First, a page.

1. clicking to view the blog entry,
2. typing in the comment in the comment box,
3. clicking the submit button, and
4. awaiting acceptance of the comment by the user.
1. Adapt existing open source software, Unobtrusive AJAX Rating Bars V.1.2.2 [ 58], to Elgg.
3. Utilize a ratings scale of 1 through 5 stars with 1 star being the lowest rating.
4. Provide a breakdown of ratings when hovering over the average rating (see Fig. 4).
5. Ratings are displayed and editable at the individual blog level. Ratings are displayed but not editable from the homepage.
6. Ratings appear directly below the blog post title.
7. If a user has not rated a blog, “Rate this blog” text appears next to the stars.
8. If a user is not logged in, “Log in to rate this blog post” text will appear next to the stars.
9. To avoid ballot stuffing, a user can rate a blog post only once and users who are not logged into the system cannot rate blog posts.
10. If a user has already rated a blog post, that user can change his or her vote by selecting a different rating.
11. A user can delete a blog post subsequently deleting those ratings from his or her profile.
12. After rating an item, a dialog prompts users to input personalized feedback only the blog poster can view ( Fig. 5).
1. Will blog feedback impact course learning in large classroom environments?
2. Will blog feedback impact social interaction in large classroom environments?
3. Will blog feedback impact course motivation in large classroom environments?
Hypothesis 1 (H1). A social feedback system for blogs will positively impact perceived learning.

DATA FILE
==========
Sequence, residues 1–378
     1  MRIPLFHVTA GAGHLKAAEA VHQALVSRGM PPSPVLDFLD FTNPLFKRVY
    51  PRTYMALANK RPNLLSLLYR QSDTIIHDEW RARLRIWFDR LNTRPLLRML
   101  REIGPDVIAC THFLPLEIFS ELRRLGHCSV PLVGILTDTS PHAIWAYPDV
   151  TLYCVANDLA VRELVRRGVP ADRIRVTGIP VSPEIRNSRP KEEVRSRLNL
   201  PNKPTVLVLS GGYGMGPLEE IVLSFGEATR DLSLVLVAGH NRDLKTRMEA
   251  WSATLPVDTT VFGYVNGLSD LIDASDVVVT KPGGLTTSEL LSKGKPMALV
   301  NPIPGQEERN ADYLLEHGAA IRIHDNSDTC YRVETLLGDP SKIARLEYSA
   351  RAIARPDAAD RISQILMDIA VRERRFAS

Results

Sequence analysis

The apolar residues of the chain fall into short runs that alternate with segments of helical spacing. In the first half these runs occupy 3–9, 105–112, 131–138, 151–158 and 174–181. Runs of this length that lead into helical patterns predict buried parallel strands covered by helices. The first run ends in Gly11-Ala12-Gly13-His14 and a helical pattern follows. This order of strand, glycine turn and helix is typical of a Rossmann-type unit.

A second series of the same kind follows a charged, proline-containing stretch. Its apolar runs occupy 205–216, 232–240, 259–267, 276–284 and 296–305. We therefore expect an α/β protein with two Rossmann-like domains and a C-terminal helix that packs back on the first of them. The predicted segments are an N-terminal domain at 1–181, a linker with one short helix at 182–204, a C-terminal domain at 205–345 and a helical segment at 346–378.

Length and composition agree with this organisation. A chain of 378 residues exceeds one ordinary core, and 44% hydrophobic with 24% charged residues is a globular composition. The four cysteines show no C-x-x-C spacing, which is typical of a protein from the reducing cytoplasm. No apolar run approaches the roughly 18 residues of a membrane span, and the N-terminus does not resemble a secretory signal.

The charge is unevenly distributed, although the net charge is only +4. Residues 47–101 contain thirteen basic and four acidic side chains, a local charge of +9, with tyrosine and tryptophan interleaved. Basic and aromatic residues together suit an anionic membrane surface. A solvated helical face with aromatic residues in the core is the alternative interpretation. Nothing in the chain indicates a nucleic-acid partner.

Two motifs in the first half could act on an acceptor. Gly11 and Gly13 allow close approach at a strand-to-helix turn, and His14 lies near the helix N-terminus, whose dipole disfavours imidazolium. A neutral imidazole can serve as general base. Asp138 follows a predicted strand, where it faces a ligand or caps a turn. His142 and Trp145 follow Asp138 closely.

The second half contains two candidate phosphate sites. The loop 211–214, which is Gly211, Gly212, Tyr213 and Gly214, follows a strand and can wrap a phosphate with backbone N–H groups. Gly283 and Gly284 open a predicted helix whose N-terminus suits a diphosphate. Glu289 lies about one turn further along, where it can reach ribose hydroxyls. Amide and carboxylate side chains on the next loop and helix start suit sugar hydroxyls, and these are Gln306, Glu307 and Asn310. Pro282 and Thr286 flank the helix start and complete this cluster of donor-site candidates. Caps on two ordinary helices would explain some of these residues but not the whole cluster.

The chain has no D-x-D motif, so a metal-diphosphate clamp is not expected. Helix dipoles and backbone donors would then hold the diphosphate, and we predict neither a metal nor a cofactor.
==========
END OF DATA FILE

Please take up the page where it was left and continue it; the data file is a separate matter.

Hypothesis 2 (H2). A social feedback system for blogs will positively impact perceived social interaction.
The author is with Farmingdale State College, 20 Marshall Ave., Floral Park, NY 11001. E-mail: email@example.com.
Manuscript received 23 Jan. 2010; revised 14 July 2010; accepted 17 Nov. 2010; published online 22 Mar. 2011.
For information on obtaining reprints of this article, please send e-mail to: firstname.lastname@example.org, and reference IEEECS Log Number TLT-2010-01-0005.
Digital Object Identifier no. 10.1109/TLT.2011.9.
1. Self-registration was disabled to protect the integrity of the site and eliminate spam accounts. However, any student registered could invite new individuals into the community.
Brian Thoms received the BS degree in computer science from Fordham University, the MS degree in information systems from Stevens Institute of Technology, and the PhD degree in information systems and technology from Claremont Graduate University. He is an assistant professor of computer systems at Farmingdale State College, New York. He has been working in the IT sector since 1997 providing strategic software solutions on and off Wall St. Today, his primary research measures the impact of social technologies on learning and interaction within higher educational settings. In 2007, his paper, titled “Resurrecting Graduate Conversation through an Online Learning Community,” won the award for Best Research Paper at the IADIS Multiconference on Computer Science and Information Systems. He is also the chief software engineer for HealthATM.com, which provides personal health management for at-risk populations.